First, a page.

What happened

Shares of Twilio (NYSE:TWLO) fell on Tuesday after the cloud communications company announced a $2 billion transaction to acquire SendGrid (NYSE:SEND), a provider of email application programming interfaces (APIs). Twilio stock was down about 5.4% at 11:35 a.m. EDT, after having been down as much as 12.3% earlier in the day.

So what

Twilio has entered into an agreement to acquire SendGrid in an all-stock transaction valued at roughly $2 billion. SendGrid investors will receive 0.485 shares of Twilio for each share of SendGrid, a ratio that values SendGrid at $36.92 per share based on Monday's closing price.

A notepad drawing of a fish eating a smaller fish.

Image source: Getty Images.

Twilio's platform allows developers to easily integrate text messaging, voice, and programmable video into their apps. SendGrid offers APIs to send transactional and marketing emails. Combining the two companies clearly makes strategic sense. But the market might be concerned about the price.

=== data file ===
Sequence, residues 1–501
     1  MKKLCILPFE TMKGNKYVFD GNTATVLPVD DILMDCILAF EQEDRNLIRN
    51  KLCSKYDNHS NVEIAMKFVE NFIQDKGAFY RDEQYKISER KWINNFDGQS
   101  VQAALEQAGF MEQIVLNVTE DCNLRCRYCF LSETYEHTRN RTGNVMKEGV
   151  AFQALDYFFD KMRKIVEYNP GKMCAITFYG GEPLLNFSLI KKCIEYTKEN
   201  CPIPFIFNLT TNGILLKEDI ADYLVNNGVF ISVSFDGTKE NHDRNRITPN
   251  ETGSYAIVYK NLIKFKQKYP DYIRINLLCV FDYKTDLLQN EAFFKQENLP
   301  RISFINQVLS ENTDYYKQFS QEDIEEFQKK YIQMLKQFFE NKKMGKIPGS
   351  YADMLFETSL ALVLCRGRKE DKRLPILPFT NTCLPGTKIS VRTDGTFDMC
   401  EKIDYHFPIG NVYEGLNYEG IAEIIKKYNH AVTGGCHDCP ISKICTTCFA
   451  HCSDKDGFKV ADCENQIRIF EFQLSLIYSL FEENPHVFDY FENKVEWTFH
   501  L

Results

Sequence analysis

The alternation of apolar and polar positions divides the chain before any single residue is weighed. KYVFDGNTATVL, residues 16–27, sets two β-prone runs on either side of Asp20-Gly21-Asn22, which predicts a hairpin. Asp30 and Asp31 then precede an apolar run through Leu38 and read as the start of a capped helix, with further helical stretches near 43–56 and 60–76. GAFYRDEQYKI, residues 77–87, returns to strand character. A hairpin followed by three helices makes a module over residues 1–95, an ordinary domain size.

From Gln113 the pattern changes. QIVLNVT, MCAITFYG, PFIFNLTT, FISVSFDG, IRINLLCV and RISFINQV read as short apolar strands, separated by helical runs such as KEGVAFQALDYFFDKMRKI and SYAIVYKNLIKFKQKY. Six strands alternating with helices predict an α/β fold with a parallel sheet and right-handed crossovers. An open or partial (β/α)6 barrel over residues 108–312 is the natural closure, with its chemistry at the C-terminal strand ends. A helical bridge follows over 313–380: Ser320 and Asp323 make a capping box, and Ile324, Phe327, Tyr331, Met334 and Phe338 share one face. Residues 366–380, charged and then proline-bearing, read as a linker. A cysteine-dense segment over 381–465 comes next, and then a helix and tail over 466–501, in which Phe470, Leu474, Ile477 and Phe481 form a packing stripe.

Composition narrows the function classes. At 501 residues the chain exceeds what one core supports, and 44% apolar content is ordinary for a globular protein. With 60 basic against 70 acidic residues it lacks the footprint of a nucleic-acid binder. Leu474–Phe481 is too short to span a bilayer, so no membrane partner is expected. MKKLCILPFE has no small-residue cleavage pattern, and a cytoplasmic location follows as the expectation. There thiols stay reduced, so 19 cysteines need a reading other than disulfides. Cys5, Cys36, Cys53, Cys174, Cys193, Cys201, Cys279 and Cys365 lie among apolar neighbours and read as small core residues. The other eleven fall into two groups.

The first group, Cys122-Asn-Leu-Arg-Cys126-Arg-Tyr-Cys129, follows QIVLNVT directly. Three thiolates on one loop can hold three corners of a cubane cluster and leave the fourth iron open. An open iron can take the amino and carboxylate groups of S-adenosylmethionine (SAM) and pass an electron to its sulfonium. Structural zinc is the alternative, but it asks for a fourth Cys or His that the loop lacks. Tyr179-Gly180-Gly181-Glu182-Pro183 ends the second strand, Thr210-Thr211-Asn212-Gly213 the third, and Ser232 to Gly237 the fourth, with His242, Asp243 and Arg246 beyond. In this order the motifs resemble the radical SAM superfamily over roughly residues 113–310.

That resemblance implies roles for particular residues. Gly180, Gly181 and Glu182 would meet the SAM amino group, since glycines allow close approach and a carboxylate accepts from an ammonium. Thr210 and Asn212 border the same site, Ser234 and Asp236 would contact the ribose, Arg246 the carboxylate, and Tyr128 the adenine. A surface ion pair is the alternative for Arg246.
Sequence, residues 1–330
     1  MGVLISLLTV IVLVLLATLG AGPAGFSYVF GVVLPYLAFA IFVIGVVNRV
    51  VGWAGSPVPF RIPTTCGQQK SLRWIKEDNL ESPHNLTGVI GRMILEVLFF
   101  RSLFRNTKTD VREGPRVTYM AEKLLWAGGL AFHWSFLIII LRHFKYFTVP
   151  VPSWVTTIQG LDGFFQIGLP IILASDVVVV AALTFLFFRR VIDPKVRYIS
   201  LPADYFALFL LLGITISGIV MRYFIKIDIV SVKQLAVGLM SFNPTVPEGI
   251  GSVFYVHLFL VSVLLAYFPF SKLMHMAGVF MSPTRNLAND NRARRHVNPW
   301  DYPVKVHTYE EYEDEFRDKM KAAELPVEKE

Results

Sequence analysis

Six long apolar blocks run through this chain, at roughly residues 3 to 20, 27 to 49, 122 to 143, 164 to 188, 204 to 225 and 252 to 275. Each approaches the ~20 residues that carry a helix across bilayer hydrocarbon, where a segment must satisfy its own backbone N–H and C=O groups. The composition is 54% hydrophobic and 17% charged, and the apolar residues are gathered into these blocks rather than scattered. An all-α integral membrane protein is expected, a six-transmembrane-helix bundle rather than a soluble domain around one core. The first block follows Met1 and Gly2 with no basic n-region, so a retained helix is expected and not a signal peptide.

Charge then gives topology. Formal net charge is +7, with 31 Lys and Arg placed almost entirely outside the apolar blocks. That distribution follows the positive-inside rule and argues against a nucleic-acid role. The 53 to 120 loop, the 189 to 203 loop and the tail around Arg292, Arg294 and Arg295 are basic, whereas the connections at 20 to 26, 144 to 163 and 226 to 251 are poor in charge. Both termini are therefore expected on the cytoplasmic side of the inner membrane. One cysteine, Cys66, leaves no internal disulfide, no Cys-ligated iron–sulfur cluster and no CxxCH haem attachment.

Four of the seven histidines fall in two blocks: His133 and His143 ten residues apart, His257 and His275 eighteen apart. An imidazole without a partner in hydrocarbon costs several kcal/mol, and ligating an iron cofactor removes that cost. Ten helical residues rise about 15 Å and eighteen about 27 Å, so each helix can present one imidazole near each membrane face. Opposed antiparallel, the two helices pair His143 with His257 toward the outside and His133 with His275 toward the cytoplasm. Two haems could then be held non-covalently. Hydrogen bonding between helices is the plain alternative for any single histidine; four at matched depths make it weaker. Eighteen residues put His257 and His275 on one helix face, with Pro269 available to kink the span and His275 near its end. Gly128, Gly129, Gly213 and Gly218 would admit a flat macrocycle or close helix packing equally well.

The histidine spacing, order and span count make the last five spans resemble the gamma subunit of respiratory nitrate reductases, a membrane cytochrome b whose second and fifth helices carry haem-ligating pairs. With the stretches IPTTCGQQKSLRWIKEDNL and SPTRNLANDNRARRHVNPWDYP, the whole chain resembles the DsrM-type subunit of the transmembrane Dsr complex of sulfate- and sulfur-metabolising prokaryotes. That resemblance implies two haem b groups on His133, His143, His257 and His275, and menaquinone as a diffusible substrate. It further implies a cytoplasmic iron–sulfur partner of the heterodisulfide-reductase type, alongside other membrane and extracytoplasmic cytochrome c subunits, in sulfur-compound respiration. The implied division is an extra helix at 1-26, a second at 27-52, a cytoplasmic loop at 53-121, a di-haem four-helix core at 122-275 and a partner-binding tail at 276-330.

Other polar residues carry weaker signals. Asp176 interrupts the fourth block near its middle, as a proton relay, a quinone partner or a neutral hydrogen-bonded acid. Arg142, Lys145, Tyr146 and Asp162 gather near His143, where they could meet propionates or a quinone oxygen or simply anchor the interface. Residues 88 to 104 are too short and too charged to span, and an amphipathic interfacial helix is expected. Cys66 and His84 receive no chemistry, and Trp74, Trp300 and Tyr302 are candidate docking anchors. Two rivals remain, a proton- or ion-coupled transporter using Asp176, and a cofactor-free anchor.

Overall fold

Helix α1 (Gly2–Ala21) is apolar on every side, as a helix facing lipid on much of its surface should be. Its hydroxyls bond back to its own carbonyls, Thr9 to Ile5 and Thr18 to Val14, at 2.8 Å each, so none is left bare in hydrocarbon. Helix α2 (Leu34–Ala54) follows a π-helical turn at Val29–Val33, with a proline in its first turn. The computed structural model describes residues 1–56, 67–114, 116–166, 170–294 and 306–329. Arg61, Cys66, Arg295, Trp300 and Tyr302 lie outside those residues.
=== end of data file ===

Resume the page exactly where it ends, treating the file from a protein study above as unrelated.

SendGrid has generated $128 million of revenue over the past 12 months, and revenue grew by 32% year over year in the second quarter. The $2 billion price tag values the company at more than 15.5 times sales, despite a growth rate that's quick but not world-beating. SendGrid is also not profitable on a GAAP basis, posting a net loss of $5 million over the past 12 months.

The dilution for Twilio investors will be significant. The company will need to issue around 21.6 million new shares to close this deal, based on SendGrid's share count at the end of the second quarter. That compares with Twilio's current diluted share count of about 96.3 million.

Now what

Twilio expects the acquisition to close in the first half of 2019. "We believe this is a once-in-a-lifetime opportunity to bring together the two leading developer-focused communications platforms to create the unquestioned platform of choice for all companies looking to transform their customer engagement," said Twilio CEO Jeff Lawson.

There's no question this deal makes sense. But the price Twilio is willing to pay appears to be leaving a bad taste in investors' mouths, erasing some of the stock's massive gains this year.

Timothy Green has no position in any of the stocks mentioned. The Motley Fool owns shares of and recommends Twilio. The Motley Fool has a disclosure policy.